3. Motility and adhesion play a major role in the virulence of E. histolytica

N. Guillén with M.C. Rigothier (Pharmacy Faculty) with E. Coudrier and F. Amblard (Curie Institute), and P. Roux (Centre for Dynamic Imaging). The PRFMMIP program of the French Ministry of Education supports this project.

The coordinated action of the cytoskeleton and surface molecules supports various processes essential for pathogenesis like adhesion to substrata, motility and capping of cell surface receptors. For the analysis of these functions we have selected a dominant antigen during the disease, the Gal-GalNAc lectin. We showed that this receptor is enriched in membrane detergent-resistant domains and undergoes capping in the presence of specific antibodies.

To investigate the molecular basis of in vivo motion, we performed a high resolution dynamic imaging analysis using two-photon laser scanning microscopy. We show that E. histolytica undergoes non-Brownian motion when it invades a monolayer of epithelial cells and hamster liver. We find that myosin II, a central component of the cytoskeleton, is essential for penetration of the cell mono-layer and liver invasion, and that the Gal-GalNAc lectin, exclusively triggers invasion of the liver. During live tissue invasion, the Gal-GalNAc strain is deficient in adhesion, it is rapidly propelled into the tissue through the blood circulation, and then small abscessess are created very close to the blood capillary. The non-motile myosin II deficient strain is avirulent as it is incapable of forming liver abscessess. Regulatory factors accounting for these phenotypes are under investigation.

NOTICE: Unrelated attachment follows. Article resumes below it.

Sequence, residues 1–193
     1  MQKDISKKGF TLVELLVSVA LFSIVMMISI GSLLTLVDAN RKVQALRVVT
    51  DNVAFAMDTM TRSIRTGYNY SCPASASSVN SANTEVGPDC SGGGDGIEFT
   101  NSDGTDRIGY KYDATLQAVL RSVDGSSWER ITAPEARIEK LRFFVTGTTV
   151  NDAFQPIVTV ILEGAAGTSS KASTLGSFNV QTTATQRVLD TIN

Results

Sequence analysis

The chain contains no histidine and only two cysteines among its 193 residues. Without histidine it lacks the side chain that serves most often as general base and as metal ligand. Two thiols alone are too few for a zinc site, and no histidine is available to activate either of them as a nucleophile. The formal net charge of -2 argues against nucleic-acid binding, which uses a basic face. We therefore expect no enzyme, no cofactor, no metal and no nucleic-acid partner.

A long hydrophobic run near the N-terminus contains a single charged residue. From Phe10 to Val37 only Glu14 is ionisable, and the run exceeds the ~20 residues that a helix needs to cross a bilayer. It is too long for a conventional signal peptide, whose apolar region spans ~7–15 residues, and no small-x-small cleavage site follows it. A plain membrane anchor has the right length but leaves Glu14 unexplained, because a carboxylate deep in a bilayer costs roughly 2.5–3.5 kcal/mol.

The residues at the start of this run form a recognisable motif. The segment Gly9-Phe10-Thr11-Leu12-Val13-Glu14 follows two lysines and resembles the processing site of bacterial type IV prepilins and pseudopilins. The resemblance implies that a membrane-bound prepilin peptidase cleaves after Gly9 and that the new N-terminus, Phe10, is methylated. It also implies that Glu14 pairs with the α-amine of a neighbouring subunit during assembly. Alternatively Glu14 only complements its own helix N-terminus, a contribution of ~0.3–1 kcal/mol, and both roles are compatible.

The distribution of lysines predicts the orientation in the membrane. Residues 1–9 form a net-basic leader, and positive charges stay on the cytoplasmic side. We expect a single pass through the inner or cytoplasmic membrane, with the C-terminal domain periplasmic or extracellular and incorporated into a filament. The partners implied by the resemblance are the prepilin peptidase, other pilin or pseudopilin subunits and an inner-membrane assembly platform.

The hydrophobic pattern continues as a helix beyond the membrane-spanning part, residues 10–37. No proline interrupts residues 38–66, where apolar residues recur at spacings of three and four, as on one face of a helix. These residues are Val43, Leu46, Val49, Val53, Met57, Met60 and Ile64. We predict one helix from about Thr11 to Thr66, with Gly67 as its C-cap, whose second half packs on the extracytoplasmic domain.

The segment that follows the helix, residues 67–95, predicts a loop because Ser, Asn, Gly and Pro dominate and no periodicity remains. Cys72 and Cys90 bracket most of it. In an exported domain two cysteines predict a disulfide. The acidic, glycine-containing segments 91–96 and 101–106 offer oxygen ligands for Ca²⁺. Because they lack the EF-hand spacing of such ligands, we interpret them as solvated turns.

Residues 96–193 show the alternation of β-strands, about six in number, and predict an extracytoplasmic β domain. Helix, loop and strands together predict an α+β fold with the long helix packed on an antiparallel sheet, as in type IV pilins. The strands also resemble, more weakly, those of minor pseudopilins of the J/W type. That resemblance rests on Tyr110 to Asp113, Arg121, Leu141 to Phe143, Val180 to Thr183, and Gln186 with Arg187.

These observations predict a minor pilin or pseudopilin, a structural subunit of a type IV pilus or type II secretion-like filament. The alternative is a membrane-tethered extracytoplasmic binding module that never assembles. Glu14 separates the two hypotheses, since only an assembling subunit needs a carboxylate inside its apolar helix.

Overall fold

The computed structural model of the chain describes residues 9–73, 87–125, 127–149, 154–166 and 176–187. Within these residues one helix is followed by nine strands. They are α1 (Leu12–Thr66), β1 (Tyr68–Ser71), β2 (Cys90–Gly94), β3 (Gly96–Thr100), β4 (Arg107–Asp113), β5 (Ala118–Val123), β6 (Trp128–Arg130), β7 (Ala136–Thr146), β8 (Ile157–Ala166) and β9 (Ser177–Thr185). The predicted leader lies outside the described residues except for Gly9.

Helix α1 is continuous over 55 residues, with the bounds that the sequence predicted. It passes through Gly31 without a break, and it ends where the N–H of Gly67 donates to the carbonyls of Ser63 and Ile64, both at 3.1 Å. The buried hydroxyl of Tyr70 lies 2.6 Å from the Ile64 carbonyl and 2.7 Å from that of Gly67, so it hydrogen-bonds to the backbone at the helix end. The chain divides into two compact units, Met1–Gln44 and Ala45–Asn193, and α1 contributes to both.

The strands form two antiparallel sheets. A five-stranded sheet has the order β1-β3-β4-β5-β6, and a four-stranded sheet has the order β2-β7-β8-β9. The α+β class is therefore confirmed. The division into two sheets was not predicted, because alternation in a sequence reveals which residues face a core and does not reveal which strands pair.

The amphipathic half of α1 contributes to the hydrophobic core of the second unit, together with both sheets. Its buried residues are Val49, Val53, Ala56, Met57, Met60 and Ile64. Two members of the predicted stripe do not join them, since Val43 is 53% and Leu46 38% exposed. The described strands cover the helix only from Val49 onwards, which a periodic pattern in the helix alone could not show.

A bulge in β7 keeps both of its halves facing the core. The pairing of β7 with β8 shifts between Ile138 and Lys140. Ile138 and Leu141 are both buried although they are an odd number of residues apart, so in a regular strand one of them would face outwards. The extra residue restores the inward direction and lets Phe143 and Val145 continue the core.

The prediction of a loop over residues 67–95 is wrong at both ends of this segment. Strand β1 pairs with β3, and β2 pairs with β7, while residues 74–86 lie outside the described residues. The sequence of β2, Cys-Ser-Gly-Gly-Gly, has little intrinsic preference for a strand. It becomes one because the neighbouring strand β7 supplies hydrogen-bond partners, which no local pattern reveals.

3. Cellular and biochemical analysis of E. histolytica - enterocyte interaction.

M. Seigneur, J. Santi-Rocca. Supported by the European Union, INCO-DEV- PHAGOAMEBA

Invasion of tissues by E. histolytica starts by the development of an interaction between the amoeba and the host cell. Amoeba-enterocyte interaction leads to adhesion followed by host cells cytoskeletal and membrane modifications and in the end cell destruction. Analysis of this interaction showed that the Gal-GalNAc lectin is not the only amoebic protein that binds the enterocyte's brush border. Affinity chromatography on the enterocyte brush border revealed several amoebic proteins binding this brush border. Among these, two basic proteins were found, KERP-1 and KERP-2, rich in lysin (25% K) and in glutamic acid (19 and 14% E). KERP-1 (but not KERP-2) has no homologue in E. dispar, a non-pathogenic species closely related to E. histolytica, indicating a possible role in pathogenesis. Analysis of KERP-1showed us that (i) KERP-1is located on the plasma membrane and in vesicles of the amoeba, (ii) its concentration is increased during liver abscess formation in the hamster along with a relocalisation to the membrane, (iii) its concentration decreases with time when trophozoites from a liver abscess are axenically cultured. These results show that KERP-1 plays a role in E. histolytica's pathogenesis and we have now to determine this role in virulence or protection of amoebas facing host cells. KERP-1 is a good candidate for specific E. histolytica diagnosis and a patent has been taken out.